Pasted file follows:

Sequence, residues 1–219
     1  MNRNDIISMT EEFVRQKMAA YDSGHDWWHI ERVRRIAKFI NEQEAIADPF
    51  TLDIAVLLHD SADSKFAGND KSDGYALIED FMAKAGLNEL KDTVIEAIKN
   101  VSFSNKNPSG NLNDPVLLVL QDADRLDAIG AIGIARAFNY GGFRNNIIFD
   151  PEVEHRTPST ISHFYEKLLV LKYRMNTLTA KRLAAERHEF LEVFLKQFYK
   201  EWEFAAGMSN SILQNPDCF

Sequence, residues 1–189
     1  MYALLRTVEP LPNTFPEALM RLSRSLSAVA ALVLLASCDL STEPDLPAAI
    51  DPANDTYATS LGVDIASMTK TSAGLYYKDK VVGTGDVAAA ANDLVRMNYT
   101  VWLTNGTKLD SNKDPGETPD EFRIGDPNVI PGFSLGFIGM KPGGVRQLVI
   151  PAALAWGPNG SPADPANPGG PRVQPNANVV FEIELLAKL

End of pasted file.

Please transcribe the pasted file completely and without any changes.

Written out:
Sequence, residues 1–219
     1  MNRNDIISMT EEFVRQKMAA YDSGHDWWHI ERVRRIAKFI NEQEAIADPF
    51  TLDIAVLLHD SADSKFAGND KSDGYALIED FMAKAGLNEL KDTVIEAIKN
   101  VSFSNKNPSG NLNDPVLLVL QDADRLDAIG AIGIARAFNY GGFRNNIIFD
   151  PEVEHRTPST ISHFYEKLLV LKYRMNTLTA KRLAAERHEF LEVFLKQFYK
   201  EWEFAAGMSN SILQNPDCF

Sequence, residues 1–189
     1  MYALLRTVEP LPNTFPEALM RLSRSLSAVA ALVLLASCDL STEPDLPAAI
    51  DPANDTYATS LGVDIASMTK TSAGLYYKDK VVGTGDVAAA ANDLVRMNYT
   101  VWLTNGTKLD SNKDPGETPD EFRIGDPNVI PGFSLGFIGM KPGGVRQLVI
   151  PAALAWGPNG SPADPANPGG PRVQPNANVV FEIELLAKL